Diltiazem is well absorbed from the gastrointestinal tract and is subject to an extensive first-pass effect, giving an absolute bioavailability (compared to intravenous dosing) of about 40%. CARDIZEM undergoes extensive metabolism in which 2% to 4% of the unchanged drug appears in the urine. In vitro binding studies show CARDIZEM is 70% to 80% bound to plasma proteins. Competitive in vitro ligand binding studies have also shown CARDIZEM binding is not altered by therapeutic concentrations of digoxin, hydrochlorothiazide, phenylbutazone, propranolol, salicylic acid, or warfarin. The plasma elimination half-life following single or multiple drug administration is approximately 3.0 to 4.5 hours. Desacetyl diltiazem is also present in the plasma at levels of 10% to 20% of the parent drug and is 25% to 50% as potent as a coronary vasodilator as diltiazem. Minimum therapeutic plasma levels of CARDIZEM appear to be in the range of 50 to 200 ng/mL. There is a departure from linearity when dose strengths are increased. A study that compared patients with normal hepatic function to patients with cirrhosis found an increase in half-life and a 69% increase in AUC (area-under-the-plasma concentration vs. time curve) in the hepatically impaired patients. A single study in nine patients with severely impaired renal functions showed no difference in the pharmacokinetic profile of diltiazem as compared to patients with normal renal function.
CARDIZEM Tablets: Diltiazem is absorbed from the tablet formulation to about 98% of a reference solution. Single oral doses of 30 to 120 mg of CARDIZEM tablets result in detectable plasma levels within 30 to 60 minutes and peak plasma levels 2 to 4 hours after drug administration. As the dose of CARDIZEM tablets is increased from a daily dose of 120 mg (30 mg qid) to 240 mg (60 mg qid) daily, there is an increase in area-under-the-curve of 2.3 times. When the dose is increased from 240 mg to 360 mg daily, there is an increase in area-under-the-curve of 1.8 times.
CARDIZEM is indicated for the management of chronic stable angina and angina due to coronary artery spasm.
CARDIZEM is contraindicated in:
- Patients with sick sinus syndrome except in the presence of a functioning ventricular pacemaker
- Patients with second- or third-degree AV block except in the presence of a functioning ventricular pacemaker
- Patients with hypotension (less than 90 mm Hg systolic)
- Patients who have demonstrated hypersensitivity to the drug
- Patients with acute myocardial infarction and pulmonary congestion documented by x-ray on admission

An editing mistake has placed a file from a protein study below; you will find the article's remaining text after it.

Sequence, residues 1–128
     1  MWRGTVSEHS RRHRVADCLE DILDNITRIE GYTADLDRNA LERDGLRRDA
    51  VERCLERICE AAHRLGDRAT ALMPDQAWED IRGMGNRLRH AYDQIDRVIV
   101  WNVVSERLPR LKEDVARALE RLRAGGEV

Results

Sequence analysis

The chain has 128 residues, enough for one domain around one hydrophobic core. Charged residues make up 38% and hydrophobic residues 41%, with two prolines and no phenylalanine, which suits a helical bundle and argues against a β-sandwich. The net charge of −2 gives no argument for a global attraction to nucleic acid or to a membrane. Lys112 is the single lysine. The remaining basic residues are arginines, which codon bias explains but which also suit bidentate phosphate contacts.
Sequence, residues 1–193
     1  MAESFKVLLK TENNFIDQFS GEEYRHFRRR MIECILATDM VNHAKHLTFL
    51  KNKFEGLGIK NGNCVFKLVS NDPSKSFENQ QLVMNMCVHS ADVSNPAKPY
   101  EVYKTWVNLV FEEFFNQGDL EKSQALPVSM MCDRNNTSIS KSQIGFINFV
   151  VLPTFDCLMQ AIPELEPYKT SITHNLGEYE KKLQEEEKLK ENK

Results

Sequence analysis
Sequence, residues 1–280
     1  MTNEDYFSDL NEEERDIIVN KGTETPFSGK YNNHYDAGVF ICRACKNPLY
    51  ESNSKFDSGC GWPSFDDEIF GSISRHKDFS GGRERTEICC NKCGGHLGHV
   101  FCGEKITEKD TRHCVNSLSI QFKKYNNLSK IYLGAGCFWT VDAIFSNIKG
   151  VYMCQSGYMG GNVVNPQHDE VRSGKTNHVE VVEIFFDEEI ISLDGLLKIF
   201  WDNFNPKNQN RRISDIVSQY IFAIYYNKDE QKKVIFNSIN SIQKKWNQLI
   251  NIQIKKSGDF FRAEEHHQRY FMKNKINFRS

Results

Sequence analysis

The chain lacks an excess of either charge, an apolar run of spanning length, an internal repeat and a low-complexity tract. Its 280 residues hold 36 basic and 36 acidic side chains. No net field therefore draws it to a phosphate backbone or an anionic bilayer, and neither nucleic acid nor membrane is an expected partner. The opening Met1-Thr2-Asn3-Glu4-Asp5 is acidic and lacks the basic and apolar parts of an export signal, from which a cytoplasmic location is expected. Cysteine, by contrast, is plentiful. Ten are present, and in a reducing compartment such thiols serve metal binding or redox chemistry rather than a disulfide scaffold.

- Cardiac Conduction: CARDIZEM prolongs AV node refractory periods without significantly prolonging sinus node recovery time, except in patients with sick sinus syndrome. This effect may rarely result in abnormally slow heart rates (particularly in patients with sick sinus syndrome) or second- or third-degree AV block (six of 1243 patients for 0.48%). Concomitant use of diltiazem with beta-blockers or digitalis may result in additive effects on cardiac conduction. A patient with Prinzmetal’s angina developed periods of asystole (2 to 5 seconds) after a single dose of 60 mg of diltiazem (see ADVERSE REACTIONS).
- Congestive Heart Failure: Although diltiazem has a negative inotropic effect in isolated animal tissue preparations, hemodynamic studies in humans with normal ventricular function have not shown a reduction in cardiac index nor consistent negative effects on contractility (dP/dt). Experience with the use of CARDIZEM alone or in combination with beta-blockers in patients with impaired ventricular function is very limited. Caution should be exercised when using the drug in such patients.
- Hypotension: Decreases in blood pressure associated with CARDIZEM therapy may occasionally result in symptomatic hypotension.
- Acute Hepatic Injury: In rare instances, significant elevations in enzymes such as alkaline phosphatase, LDH, SGOT, SGPT, and other phenomena consistent with acute hepatic injury have been noted. These reactions have been reversible upon discontinuation of drug therapy. The relationship to CARDIZEM is uncertain in most cases, but probable in some (see PRECAUTIONS).
All MedLibrary.org resources are included in as near-original form as possible, meaning that the information from the original provider has been rendered here with only typographical or stylistic modifications and not with any substantive alterations of content, meaning or intent.